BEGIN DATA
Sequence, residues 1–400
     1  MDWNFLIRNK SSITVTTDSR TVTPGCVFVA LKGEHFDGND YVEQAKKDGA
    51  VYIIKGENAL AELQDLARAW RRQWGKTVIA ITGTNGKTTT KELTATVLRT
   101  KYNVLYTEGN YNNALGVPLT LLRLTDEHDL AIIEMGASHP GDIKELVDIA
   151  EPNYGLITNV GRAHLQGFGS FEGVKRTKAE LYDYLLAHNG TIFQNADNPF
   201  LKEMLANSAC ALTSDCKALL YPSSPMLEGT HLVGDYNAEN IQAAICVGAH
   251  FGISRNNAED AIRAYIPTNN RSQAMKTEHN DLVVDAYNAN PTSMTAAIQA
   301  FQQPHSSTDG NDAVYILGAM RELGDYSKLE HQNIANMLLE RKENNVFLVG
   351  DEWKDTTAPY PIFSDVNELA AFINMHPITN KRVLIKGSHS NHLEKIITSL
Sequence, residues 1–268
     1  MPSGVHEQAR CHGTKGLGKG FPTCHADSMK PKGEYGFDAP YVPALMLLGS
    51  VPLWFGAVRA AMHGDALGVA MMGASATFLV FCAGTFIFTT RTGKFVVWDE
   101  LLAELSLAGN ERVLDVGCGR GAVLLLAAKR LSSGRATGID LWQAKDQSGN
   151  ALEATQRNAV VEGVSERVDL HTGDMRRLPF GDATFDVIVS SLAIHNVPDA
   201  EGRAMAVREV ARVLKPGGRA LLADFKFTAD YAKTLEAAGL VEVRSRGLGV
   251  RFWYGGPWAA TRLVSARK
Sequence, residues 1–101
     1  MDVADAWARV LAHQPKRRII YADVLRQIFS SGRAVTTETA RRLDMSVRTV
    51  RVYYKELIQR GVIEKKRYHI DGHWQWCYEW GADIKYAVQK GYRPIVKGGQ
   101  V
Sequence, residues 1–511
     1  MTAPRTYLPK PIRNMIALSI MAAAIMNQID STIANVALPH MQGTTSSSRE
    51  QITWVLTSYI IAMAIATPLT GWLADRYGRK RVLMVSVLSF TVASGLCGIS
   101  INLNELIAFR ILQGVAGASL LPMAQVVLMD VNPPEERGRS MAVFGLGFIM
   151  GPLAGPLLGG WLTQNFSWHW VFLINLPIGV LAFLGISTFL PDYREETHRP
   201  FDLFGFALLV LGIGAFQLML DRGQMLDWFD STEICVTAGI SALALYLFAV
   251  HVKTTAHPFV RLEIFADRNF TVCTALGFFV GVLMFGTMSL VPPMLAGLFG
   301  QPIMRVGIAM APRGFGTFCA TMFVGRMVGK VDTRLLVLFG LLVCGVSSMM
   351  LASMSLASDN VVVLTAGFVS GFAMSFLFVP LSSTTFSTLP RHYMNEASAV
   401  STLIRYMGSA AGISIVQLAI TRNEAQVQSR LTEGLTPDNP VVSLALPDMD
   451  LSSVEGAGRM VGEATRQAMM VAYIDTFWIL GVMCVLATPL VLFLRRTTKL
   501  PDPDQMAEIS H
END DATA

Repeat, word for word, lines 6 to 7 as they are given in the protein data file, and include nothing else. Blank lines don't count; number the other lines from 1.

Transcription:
   201  LKEMLANSAC ALTSDCKALL YPSSPMLEGT HLVGDYNAEN IQAAICVGAH
   251  FGISRNNAED AIRAYIPTNN RSQAMKTEHN DLVVDAYNAN PTSMTAAIQA